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Lust For Youth
Compassion Christopher Sanders , March 17th, 2016 22:07

Over the past five or six years we have seen a proliferation of stylish, sonically innovative bands from Denmark building adoring fan bases over here. Iceage, First Hate, Communions, and Damien Dubrovnik (Christian Stadsgaard and Lust For Youth's Loke Rahbek) have all found widespread appeal outside of Denmark. With Lust For Youth's latest album, the trio from Copenhagen have firmly positioned themselves at the top of the pile.

Their sixth album Compassion is something of a departure from their previous work. In many ways the album signals the apotheosis of their transition from an industrial-tinged synth band to the polished synth-pop group they are now. When Rahbek, and later, Malthe Fischer joined the band, they could have retreated further into harsh industrial sounds, but instead they have moved towards a more upbeat and, at times, more melancholic, emotionally sincere mode. The sound of Compassion and their recent work holds meticulous, clean production as a more important attribute of their music than the low-fi sound of both their previous releases and Rahbek's side project Damien Dubrovnik. Draw a line from their first album Solar Flare released on Avant! in 2011 to now and the progression is remarkable.

Compassion harks back to the 90s without ever feeling trite and overwrought. The press release calls it 'anthemic', and it's true: the melodies are joyously simple and memorable, and nearly every song on the album is infectiously catchy. Couple this with Hannes Norrvide's distant wail – a mélange of Bernard Sumner, Neil Tennant and Dave Gehan – and you have something very special.

'Better Looking Brother' is one of the stand out tracks on the album. Driving, dance-inducing, it is nostalgic for a 90s club scene. 'Limerance' and 'Stardom' follow in a similar vein; they are airy and euphoric and yet are not without their melancholic touches. This gives an added depth to the album; it would be very easy to pass Compassion off as a neat little collection of surface-level pop tunes. But there is something more going on here, something more emotional as the album oscillates between the joyful and the doleful.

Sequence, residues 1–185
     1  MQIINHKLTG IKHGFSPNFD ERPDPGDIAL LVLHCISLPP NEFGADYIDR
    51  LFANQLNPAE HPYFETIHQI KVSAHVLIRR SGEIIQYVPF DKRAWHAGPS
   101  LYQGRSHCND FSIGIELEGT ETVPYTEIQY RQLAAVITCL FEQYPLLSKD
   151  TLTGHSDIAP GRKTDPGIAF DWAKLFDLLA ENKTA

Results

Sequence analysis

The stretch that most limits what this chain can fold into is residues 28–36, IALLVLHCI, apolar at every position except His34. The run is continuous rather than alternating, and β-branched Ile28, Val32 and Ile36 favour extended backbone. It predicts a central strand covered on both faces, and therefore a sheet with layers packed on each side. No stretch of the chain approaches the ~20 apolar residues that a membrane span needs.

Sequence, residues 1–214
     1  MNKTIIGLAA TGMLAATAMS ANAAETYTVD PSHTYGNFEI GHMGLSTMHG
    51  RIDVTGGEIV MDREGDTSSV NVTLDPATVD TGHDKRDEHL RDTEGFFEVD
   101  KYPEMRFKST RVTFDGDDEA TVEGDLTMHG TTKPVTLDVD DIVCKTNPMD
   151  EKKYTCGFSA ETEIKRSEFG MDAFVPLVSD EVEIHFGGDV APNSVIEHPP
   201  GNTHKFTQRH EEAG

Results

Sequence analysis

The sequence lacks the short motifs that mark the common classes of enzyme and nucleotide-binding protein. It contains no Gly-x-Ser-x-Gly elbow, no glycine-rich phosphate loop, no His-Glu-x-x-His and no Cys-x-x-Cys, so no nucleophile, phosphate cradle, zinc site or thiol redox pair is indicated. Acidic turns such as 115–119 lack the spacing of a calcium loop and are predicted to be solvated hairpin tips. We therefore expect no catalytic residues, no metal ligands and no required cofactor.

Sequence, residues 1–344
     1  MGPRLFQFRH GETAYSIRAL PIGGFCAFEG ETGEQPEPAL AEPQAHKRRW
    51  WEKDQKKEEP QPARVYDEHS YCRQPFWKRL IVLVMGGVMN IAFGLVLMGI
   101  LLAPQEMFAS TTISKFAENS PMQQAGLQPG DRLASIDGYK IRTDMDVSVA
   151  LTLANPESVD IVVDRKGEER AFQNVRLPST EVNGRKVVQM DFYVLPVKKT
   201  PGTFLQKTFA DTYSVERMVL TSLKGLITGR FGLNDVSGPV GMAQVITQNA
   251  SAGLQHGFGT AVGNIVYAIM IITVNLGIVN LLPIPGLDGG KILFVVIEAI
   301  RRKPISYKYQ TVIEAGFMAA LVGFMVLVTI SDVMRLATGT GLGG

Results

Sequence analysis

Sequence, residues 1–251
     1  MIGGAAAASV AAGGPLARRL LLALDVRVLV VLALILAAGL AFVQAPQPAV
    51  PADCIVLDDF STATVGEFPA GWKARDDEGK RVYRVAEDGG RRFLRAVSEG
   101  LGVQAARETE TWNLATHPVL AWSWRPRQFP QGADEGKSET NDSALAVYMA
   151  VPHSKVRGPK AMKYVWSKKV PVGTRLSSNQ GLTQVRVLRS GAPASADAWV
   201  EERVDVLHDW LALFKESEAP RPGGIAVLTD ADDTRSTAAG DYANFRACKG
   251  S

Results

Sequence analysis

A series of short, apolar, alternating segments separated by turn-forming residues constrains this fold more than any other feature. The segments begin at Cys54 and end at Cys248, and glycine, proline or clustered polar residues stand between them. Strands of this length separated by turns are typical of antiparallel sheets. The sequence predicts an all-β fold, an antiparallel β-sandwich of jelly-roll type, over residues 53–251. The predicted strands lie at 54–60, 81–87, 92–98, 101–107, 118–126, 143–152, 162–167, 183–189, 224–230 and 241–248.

This is evidenced clearly in 'Display' which is most certainly Compassion's crowning glory. Emerging out against the swinging Brit-pop-esque ballad which forms the spine of the song are Norrvide's vocals which are achingly sincere. When he bemoans the fact that "There's no such thing as truth anyway", you believe him. The use of guitars in place of the airy, poppy synths used throughout much of the album also makes the song a departure from the established tone, giving 'Display' a more despondent, and emotionally earnest feel.

With an album of so many highlights, it is inevitable that some tracks feel a little too cold, a little too distant. 'Tokyo', for instance, lacks the punch which is in abundance throughout the rest of the album. However, rather than detracting from the quality of the album, it instead shows what a precedent is set early on and how hard that level of quality is to keep up.

But in a way this doesn't matter; Compassion is such an easy listen. The melodies are so cheerful, so simple and memorable, they require absolutely no effort to enjoy. Compassion is like a collection of the best nights out you ever had, coupled with the feeling of being dumped all rolled into one. Rarely does something pulling two such opposing impulses come together in such a natural way.